When the Mary Andrews Clark Residence opened 83 years ago, its hallways were filled with the rustling of long skirts and youthful giggles.
As a home for single young women run by the YWCA, the five-story gray brick structure served as a sort of post-college dorm for young women leaving home for the first time to work in the white-collar offices of downtown Los Angeles’ then-developing business community.
Times have changed and so have the area’s demographics. It is still populated with many downtown laborers, but the majority of them are now blue-collar working poor, people who work in the central city’s garment factories, hotels and restaurants, or as janitors and security guards in office buildings.
Beginning in October, the 306 S. Loma Drive building--which is listed in the National Register of Historic Places--became a home to single, low-income workers after four years of meticulous restoration by the Los Angeles Community Design Center, nonprofit developers.
The 76,600-square-foot building was recently rededicated in its new incarnation: 152 bachelor units for single people making less than $17,650 a year, with rooms priced between $220 and $308 a month, including utilities.
For Salomon Morales, a Salvadoran refugee who spent six years working as an airport maintenance worker while he learned English and put himself through school, the low rent means an opportunity to stay on his feet while he trains part time in his new career as a notary public. He received his license a few weeks ago.
“I need to save money because I’m just a trainee now,” he said. “If I eventually start earning more, who knows? But for now, I like it here, and I feel safe.” Because the landmark residence is in what has become a fairly rough neighborhood, security personnel are on duty 24 hours a day.
Each floor has a communal kitchen and lounge, and shower enclosures have been built into the hallways because most of the rooms have only half-baths.
The YWCA closed down the Clark residence, which had continued housing young women from various countries over the years, when damage from the 1987 Whittier Narrows earthquake made it unsafe for occupancy. The YWCA sold it in 1990 for $3 million to the design center, which began its rehabilitation.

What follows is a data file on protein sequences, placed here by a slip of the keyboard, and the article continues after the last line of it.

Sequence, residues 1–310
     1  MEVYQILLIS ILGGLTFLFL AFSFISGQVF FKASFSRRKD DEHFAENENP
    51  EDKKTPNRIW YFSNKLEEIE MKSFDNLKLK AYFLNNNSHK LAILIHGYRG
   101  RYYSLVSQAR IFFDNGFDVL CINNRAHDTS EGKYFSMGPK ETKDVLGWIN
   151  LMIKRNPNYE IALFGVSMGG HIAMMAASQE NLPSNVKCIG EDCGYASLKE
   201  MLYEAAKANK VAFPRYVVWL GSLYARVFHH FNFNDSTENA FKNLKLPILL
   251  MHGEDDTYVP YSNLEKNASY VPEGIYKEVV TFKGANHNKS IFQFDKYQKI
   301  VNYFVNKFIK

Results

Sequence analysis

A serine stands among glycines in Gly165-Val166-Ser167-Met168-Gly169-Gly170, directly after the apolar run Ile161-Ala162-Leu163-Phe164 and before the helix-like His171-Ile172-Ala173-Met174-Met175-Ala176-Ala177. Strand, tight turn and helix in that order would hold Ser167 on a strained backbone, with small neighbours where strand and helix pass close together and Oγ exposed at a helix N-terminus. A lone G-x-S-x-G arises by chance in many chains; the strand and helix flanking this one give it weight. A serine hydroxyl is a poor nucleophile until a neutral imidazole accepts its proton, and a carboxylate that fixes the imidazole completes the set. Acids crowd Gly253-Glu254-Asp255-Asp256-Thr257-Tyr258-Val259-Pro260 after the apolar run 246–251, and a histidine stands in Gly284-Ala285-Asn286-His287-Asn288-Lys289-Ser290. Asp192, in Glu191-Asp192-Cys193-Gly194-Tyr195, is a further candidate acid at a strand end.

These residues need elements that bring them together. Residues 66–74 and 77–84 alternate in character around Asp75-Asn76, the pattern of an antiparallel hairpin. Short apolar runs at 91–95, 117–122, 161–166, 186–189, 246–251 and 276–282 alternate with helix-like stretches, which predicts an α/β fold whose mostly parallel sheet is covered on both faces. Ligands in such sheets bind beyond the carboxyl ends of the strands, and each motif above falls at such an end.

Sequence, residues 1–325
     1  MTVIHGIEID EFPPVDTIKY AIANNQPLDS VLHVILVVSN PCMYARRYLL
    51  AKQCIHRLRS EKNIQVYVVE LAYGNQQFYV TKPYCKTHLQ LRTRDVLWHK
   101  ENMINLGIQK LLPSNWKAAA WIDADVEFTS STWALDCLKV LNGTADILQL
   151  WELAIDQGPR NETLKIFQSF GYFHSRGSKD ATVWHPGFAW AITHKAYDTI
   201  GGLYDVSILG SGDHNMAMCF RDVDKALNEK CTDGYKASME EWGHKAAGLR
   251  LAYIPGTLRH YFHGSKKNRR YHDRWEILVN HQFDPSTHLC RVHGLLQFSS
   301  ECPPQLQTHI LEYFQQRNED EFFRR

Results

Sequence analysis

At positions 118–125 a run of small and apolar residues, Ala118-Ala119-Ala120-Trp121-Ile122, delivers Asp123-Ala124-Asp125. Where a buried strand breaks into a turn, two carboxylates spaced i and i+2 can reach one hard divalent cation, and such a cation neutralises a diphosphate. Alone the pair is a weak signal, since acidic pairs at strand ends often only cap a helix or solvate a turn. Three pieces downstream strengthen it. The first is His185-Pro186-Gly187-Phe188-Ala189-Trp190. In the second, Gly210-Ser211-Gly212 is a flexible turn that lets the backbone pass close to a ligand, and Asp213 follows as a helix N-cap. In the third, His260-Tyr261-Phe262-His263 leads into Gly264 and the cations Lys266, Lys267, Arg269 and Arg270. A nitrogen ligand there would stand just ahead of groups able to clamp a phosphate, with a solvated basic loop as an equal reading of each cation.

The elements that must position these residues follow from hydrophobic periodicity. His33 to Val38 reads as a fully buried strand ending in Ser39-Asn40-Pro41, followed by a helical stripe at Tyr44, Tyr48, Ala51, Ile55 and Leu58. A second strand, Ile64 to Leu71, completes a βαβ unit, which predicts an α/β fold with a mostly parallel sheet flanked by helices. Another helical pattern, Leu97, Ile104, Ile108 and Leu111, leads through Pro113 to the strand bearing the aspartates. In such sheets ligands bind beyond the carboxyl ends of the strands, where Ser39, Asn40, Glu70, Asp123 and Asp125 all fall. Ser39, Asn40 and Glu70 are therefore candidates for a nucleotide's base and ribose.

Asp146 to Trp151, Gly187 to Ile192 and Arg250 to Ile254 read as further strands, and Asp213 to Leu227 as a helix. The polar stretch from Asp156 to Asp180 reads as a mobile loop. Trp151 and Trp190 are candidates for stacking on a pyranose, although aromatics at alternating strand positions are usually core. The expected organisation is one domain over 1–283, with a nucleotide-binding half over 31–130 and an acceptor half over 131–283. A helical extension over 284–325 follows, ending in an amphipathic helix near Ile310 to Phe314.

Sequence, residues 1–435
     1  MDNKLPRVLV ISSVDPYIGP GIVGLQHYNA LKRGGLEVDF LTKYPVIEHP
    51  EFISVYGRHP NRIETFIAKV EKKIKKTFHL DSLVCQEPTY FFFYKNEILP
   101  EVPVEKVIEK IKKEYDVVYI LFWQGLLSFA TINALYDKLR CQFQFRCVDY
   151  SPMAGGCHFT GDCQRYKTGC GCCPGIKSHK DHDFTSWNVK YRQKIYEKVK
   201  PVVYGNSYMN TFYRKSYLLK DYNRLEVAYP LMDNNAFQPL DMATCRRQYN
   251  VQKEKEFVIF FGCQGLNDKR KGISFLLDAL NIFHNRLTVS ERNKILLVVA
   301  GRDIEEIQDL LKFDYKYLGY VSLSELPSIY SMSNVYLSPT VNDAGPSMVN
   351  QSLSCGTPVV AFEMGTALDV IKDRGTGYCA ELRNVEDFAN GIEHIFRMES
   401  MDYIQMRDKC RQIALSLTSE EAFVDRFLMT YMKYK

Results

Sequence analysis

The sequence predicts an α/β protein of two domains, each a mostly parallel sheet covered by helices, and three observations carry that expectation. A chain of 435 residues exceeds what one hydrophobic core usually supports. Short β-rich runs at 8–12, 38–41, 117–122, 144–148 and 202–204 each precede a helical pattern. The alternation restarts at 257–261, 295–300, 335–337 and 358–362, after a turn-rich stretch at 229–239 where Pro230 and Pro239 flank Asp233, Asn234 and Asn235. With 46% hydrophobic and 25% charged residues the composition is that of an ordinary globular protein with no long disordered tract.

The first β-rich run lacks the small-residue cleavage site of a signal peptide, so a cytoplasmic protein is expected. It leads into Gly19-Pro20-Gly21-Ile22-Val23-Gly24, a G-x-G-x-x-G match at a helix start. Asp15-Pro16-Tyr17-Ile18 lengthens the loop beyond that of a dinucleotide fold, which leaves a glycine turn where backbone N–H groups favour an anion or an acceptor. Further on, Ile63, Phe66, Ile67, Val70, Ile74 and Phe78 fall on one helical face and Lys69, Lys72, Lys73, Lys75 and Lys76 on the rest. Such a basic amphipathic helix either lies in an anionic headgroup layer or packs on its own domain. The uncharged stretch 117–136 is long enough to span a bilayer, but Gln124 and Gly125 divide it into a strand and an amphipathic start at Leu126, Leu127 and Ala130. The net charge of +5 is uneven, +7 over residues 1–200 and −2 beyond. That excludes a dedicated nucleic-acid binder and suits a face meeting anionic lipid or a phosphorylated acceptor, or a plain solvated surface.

Construction crews had to take extra pains not to damage the landmark’s original materials. Pieces of woodwork, tiles and other construction elements were marked, removed for restoration, then puzzled back together.
“It was a real challenge,” said Doug Grant of the design center. “It was a lot of work, and it took some really creative people to make it happen.”
Crews were putting the finishing touches on the building when the Northridge earthquake struck in January, 1994, crumbling a fifth-floor balcony and cracking the plaster in several places. Had the reinforcement not been completed, Grant said, the building would probably have been lost.
The renovation of the Clark residence finally ended in September. Including restoration, seismic reinforcement and damage repair for both quakes, the total cost came to $16 million in public and private funds.
Now that the building is about half occupied by a mix of Latinos, African Americans, Asians and senior citizens, the Los Angeles Design Center is working to bring in social services.
A free literacy class held in Spanish by Centro Latino de Educacion Popular began last week. That center has borrowed more than 300 books in English and Spanish from the Los Angeles Central Library for an in-house library. Books in Korean and Tagalog may be added.
Grant is also working to start a senior citizen meals program this summer, as well as English, Spanish and other adult-education classes for residents and neighbors.
Information: (213) 484-1329.